What You Can Do With Food If Your Fridge Stops Working

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This post is by Bernie Carr, apartmentprepper.com

A couple of weeks ago, we were discussing the cyber threat to the public infrastructure.  If you were to have a power outage, would you know what to do with the food in your refrigerator and freezer?  I created the infographic below to give you a few things to think about:

For more information, here are a few articles:

Fridge Items that May Last through a Power Outage

Beliefs About Fridge and Freezer Storage – Are They True or Not?

Can you Live Without a Refrigerator?

How to Make Eggs Last Longer without a Refrigerator

Have you gone through an extended power outage?  What did you do with your fridge food?  Please share in the comments.


Money-saving deals for you!

Here are a few links to items referred to in the article and a few others are helpful for moving:

Mineral oil:  This is pharmacy grade mineral oil that can be used to make eggs last longer.  

Gel packs for coolers I like having a lot of gel packs in case power goes out, they keep the freezer cold.

Food dehydrator  This one is reasonably priced and has a lot of happy users.  

Help support Apartment Prepper! Your purchases via my Amazon link help me earn a small commission.  Thank you!

For more tips on prepping on a small budget, read my latest book:

Bernie's Latest Book

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  1. as someone who did a lot of tent camping a would recommend having 2 coolers and using one of them for Fridge items and the other for freezer items. Use your frozen water bottles and frozen jell packs in the fridge cooler this keeps the melting water from messing up the food. Put the frozen food in to plastic bags to keep any melt water away from the food. Use a heavy blankets to cover the coolers and put several layers of cardboard or Styrofoam insulation under them to insulate them from the ground. Keep the coolers in the shade and out of the sun. And yes use the cooked food up 1st, than cook anything that has a short live in the cooler.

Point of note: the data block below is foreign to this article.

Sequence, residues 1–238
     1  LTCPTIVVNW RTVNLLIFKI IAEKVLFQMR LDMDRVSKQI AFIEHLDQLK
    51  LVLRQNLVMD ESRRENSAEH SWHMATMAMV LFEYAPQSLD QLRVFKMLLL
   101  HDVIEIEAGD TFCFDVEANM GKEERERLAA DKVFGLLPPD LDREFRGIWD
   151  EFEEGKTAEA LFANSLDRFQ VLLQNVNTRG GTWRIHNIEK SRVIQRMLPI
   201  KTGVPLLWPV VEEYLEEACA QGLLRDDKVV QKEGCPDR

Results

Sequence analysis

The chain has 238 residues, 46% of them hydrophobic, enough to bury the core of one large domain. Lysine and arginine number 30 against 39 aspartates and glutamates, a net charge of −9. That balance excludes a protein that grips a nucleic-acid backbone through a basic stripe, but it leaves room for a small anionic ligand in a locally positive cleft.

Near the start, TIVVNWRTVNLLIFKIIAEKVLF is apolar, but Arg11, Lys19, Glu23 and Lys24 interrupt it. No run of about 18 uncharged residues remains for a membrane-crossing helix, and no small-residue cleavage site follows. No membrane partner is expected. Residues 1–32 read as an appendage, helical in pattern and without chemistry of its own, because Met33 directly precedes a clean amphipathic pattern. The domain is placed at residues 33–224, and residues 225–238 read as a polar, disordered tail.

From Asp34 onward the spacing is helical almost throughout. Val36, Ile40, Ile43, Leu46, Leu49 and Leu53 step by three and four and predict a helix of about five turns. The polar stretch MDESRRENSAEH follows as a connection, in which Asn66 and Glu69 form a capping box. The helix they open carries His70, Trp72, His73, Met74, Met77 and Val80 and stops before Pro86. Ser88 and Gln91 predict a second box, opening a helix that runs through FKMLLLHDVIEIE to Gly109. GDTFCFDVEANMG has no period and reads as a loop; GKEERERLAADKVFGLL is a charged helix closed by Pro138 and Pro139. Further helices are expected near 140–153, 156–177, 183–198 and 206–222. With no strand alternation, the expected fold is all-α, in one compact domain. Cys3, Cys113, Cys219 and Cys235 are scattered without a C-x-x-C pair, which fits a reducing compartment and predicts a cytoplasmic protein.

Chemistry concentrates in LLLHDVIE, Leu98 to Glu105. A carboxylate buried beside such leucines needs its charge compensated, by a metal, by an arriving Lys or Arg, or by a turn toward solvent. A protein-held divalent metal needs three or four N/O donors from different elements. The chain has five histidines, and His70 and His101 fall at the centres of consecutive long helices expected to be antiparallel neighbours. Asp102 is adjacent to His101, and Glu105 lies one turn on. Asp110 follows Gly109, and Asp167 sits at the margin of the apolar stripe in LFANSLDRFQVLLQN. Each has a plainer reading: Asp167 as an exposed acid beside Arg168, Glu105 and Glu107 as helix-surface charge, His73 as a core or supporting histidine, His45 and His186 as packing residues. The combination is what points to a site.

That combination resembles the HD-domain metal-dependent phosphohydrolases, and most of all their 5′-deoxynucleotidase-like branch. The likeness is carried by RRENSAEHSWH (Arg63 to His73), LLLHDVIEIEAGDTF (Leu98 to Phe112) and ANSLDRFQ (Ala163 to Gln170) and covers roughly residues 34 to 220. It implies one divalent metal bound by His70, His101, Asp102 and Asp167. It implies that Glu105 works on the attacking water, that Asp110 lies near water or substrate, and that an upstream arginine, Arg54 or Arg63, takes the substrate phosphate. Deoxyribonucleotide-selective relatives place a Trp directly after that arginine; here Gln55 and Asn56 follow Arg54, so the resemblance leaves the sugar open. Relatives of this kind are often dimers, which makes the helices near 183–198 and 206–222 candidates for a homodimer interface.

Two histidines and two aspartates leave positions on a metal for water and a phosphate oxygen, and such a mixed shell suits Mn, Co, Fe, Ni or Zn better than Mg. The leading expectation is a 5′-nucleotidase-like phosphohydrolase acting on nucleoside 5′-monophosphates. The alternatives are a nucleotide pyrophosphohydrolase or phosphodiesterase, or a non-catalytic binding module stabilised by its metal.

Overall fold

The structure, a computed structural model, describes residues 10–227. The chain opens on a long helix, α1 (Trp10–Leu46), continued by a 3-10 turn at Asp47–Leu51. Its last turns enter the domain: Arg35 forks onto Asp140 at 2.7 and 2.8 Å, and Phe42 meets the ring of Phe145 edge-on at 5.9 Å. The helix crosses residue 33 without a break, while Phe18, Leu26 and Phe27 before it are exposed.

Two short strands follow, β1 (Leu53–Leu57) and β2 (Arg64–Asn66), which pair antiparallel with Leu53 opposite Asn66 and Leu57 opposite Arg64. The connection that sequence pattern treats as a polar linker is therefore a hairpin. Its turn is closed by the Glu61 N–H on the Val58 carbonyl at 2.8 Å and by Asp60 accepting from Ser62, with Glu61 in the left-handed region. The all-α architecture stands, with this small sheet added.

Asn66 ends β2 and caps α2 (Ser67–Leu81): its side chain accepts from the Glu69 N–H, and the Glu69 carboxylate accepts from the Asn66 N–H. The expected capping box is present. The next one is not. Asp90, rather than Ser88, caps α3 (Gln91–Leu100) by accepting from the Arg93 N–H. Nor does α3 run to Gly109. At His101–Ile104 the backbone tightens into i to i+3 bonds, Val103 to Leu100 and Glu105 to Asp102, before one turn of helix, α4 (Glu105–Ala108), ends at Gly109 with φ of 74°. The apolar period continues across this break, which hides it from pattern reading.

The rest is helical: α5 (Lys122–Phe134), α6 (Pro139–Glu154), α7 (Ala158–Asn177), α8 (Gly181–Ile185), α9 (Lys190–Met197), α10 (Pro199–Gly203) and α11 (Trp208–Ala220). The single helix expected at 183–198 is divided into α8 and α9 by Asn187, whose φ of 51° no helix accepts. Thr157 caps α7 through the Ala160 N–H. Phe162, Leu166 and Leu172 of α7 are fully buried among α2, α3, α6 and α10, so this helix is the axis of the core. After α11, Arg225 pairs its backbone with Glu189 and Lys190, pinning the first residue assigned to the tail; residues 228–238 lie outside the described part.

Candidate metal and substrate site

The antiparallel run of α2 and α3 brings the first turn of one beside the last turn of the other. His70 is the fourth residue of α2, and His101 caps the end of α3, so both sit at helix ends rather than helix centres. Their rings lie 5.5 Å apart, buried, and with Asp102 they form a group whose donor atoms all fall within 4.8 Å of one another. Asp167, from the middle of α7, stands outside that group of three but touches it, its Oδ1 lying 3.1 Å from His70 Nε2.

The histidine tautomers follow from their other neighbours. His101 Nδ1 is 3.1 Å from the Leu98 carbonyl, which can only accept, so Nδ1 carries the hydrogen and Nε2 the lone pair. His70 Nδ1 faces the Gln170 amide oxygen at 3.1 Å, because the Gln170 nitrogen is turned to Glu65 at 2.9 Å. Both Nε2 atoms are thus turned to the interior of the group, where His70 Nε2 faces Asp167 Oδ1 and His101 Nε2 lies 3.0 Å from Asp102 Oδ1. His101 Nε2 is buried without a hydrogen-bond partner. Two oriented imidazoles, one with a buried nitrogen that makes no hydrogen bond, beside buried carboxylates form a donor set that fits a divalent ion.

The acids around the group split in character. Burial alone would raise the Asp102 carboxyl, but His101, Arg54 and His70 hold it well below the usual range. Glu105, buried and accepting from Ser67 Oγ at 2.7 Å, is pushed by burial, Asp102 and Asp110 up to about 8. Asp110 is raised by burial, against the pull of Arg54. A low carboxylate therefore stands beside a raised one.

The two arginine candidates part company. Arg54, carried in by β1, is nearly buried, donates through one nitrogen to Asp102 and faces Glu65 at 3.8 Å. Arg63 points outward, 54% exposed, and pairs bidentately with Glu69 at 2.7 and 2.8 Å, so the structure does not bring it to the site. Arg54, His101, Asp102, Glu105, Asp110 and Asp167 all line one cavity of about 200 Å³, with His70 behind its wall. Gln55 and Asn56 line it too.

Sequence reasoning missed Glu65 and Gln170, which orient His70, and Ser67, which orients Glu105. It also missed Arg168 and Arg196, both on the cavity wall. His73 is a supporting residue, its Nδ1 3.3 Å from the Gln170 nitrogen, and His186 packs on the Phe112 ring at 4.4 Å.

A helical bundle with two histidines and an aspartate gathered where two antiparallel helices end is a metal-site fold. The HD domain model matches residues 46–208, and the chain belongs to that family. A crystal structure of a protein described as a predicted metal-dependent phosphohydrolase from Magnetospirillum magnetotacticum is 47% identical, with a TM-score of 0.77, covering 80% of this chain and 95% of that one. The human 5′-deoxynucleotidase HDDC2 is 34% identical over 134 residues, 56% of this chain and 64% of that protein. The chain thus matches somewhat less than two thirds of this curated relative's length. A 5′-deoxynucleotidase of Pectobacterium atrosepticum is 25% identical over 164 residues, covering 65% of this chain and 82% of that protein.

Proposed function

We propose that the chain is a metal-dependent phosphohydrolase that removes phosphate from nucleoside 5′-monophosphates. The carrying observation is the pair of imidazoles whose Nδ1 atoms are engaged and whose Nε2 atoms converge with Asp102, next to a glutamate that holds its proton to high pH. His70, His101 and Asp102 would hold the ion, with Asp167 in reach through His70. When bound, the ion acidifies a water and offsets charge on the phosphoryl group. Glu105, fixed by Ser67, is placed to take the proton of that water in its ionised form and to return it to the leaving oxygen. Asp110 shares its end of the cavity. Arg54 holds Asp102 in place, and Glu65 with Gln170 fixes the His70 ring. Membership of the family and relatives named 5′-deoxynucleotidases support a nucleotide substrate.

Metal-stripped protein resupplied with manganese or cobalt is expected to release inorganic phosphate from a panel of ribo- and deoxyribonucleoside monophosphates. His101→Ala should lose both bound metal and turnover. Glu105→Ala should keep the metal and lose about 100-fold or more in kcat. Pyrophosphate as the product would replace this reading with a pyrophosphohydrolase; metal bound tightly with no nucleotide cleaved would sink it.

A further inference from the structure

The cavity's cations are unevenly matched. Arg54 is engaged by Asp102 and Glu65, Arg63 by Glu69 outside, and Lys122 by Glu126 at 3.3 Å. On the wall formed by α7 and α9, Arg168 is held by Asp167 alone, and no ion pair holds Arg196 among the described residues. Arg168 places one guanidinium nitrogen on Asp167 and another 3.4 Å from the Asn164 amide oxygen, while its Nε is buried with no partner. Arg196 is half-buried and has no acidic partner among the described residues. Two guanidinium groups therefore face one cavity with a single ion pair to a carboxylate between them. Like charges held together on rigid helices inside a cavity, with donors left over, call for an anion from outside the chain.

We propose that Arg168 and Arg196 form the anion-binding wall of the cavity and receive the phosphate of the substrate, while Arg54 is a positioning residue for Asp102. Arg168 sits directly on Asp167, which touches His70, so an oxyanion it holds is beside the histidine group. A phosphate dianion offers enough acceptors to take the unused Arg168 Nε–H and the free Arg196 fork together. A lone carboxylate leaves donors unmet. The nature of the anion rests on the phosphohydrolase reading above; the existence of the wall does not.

1. Hey Oldguy, 2 separate coolers for fridge and freezer and keeping them insulated among layers are great ideas. Thanks for the additional tips.

  2. This is something some of our local California Bay Area Preppers have talk about and in fact we did a whole Saturday session on power consumption by a lady named Rachel about 2-3 years ago. You might want to note something about certain appliances such as refrigerators and microwaves that require a lot of wattage for brief periods of time when they start up, yes they are super tricky monsters when you don’t have power. People will purchase 2,000W inverters connected to their car batteries only wishing they would of gone higher (i.e. 3,000W). When it comes to inverters it’s best to get one that goes really high to run these types of appliances and another that goes really low for your smaller devices. You can lose about 40% of your battery’s power just from using an inverter (yikes !). In these situations it’s better to have a 12V refrigerator…yes they actually make them. Well anyways this is just another angle for your article that folks like me might want to know more about. Thank you for covering the other options.

    1. Hi Milo, Good topic – one that I will add to my articles list. It is definitely good to know the wattage requirements of certain appliances, and how they would impact your backup power source needs. Thanks for bringing this up.

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